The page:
CAIRO – The barrage of criticism that Sifiso Hlanti has faced for his underwhelming performances at the Africa Cup of Nations doesn’t bother him due to his positive mindset.
The Bafana Bafana full-back has had a poor tournament so far, struggling to even deliver a decent number of crosses. Part of the reason why Lebo Mothiba has been missing in action upfront is because wide players like Hlanti haven’t delivered enough balls to him in the box.
“I’ve been trying so hard, I know very well that whatever that I have been delivering in the field of play isn’t enough for me because I know what I can do,” Hlanti said. “But we have to understand that some things don’t go the way we want.
If you can’t read the game situation, that means you might be lost. I think that my biggest concern is to be more clinical at the back, we don’t concede silly goals. In terms of going forward, that’s something we add on top of what we have been in the game.”
Hlanti’s performances at Afcon in a way mirrors Bafana’s outings in Egypt, disappointing and uninspiring. But their clash with the hosts in the last 16 on Saturday is an opportunity for not only Hlanti, but the whole team to win over fans.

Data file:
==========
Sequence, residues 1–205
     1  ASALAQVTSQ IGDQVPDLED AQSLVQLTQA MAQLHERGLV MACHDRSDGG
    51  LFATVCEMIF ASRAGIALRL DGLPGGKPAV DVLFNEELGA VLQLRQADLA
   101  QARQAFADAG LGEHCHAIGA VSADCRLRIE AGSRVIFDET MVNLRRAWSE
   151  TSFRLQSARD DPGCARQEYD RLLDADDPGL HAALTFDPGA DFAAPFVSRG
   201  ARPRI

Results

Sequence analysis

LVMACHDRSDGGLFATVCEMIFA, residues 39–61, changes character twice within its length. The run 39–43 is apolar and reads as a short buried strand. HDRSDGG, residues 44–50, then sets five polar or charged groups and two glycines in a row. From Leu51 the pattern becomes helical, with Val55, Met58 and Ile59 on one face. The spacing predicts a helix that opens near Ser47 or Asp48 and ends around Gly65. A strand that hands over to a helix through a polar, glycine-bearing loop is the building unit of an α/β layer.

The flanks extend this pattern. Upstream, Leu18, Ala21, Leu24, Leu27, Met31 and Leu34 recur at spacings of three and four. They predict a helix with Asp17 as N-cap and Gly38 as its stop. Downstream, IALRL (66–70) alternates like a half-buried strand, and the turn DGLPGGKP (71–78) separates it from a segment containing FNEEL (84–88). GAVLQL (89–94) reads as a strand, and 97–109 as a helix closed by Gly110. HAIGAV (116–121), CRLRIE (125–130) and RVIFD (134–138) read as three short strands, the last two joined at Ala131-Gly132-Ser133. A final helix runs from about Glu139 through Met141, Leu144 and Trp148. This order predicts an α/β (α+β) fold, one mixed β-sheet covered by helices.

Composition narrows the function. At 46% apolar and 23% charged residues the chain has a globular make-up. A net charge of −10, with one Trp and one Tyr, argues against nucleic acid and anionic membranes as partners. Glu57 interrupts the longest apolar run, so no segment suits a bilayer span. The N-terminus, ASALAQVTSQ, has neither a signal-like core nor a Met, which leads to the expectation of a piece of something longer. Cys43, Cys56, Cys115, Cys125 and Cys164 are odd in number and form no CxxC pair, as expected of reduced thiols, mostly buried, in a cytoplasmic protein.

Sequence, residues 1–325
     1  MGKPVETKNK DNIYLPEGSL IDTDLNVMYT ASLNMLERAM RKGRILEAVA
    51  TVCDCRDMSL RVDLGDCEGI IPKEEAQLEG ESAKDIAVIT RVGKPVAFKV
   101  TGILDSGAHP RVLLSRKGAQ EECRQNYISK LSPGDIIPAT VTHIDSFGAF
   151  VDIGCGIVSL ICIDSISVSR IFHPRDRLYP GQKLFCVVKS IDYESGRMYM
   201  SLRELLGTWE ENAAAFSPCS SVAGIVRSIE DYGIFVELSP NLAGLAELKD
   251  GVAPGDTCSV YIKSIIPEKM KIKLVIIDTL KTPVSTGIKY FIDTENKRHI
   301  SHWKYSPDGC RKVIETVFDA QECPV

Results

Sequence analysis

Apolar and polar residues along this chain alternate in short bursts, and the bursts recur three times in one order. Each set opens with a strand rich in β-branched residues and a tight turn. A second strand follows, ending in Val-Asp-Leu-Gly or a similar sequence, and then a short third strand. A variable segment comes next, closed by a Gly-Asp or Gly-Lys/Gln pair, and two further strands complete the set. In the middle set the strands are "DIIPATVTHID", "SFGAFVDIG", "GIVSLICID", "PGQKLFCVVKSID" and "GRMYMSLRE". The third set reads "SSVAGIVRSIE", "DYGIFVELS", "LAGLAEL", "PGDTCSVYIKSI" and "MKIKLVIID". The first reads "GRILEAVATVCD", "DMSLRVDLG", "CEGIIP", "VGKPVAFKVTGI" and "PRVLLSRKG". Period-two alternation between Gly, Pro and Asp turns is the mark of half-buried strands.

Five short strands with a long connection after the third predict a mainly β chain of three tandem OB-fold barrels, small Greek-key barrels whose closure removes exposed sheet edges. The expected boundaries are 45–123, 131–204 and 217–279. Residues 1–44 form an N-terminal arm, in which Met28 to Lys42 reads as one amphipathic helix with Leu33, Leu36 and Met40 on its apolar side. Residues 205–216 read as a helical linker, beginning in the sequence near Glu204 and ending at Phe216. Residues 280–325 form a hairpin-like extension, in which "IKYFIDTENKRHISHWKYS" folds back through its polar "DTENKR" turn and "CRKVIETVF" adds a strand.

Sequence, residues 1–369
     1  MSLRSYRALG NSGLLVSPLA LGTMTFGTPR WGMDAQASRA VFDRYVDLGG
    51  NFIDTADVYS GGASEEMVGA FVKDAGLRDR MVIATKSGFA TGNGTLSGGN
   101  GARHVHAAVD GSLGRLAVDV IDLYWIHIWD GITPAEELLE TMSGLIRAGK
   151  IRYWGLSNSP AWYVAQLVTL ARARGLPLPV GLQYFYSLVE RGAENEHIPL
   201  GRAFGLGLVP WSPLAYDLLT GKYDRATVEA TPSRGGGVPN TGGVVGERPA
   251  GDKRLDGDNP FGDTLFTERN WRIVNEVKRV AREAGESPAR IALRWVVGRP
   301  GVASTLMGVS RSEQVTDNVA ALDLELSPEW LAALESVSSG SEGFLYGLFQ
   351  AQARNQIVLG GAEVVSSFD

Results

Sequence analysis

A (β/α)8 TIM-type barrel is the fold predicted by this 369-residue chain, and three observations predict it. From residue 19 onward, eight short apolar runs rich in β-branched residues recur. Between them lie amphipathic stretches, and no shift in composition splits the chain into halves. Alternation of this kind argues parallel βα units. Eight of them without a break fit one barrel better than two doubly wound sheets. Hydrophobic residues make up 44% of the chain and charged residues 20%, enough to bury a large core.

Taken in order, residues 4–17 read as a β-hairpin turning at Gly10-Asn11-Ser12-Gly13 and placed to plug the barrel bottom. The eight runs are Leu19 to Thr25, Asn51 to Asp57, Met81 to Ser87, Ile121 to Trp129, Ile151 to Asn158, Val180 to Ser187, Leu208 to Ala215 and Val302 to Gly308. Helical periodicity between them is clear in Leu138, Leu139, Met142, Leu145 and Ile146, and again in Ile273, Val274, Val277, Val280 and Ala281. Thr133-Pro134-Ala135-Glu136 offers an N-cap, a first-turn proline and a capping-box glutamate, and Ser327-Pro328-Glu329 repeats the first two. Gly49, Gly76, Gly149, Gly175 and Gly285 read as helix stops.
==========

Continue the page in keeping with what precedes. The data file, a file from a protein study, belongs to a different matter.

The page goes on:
The Pharaohs, in front of 75 000 passionate fans at the Cairo International Stadium, will offer Bafana a bigger test than the Ivory Coast, Namibia and Morocco did. It will also be a mental test against Egypt, as Bafana looked dead and buried in the group stage after collecting only three points from one win.
But with results going their way in other matches, South Africa advanced to the last 16 as one of four best third-placed finishers.
“That’s a crucial stage for them,” Hlanti said. “I say this because they rate us as underdogs. I don’t take that tag to heart because I know what I can do for the country. I believe in all the guys who are here. It’s all in our hands.”
The general feeling in SA is that Bafana delayed the inevitable when they advanced to the last 16 only to face the most successful team in Afcon history. Hlanti doesn’t take that to heart, or any criticism that has been directed to the team and him.
“I take myself as an ordinary person, I respect people so much,” Hlanti said. “They might not be reacting well to how we are playing, but truly speaking whatever we do here, we aren’t doing for anyone else. We are doing this for ourselves because we work for our families.
Yes, we respect the support that we get from the country. You can’t doubt that. But all in all, it’s all about us because we are here for one ambition. The mission that we have here is to go far in this tournament, which will please them. That’s the most important thing for us in this tournament. We respect their support. We have that mentality that if we can go far, and get something out of nothing, that’s what we are looking for.
“Those are the things (the criticism) that I don’t associate myself with. The reason is that I am just a normal person. I respect myself and I respect people.
At some stage, I prefer to view things as if there is nothing wrong. I am always positive.”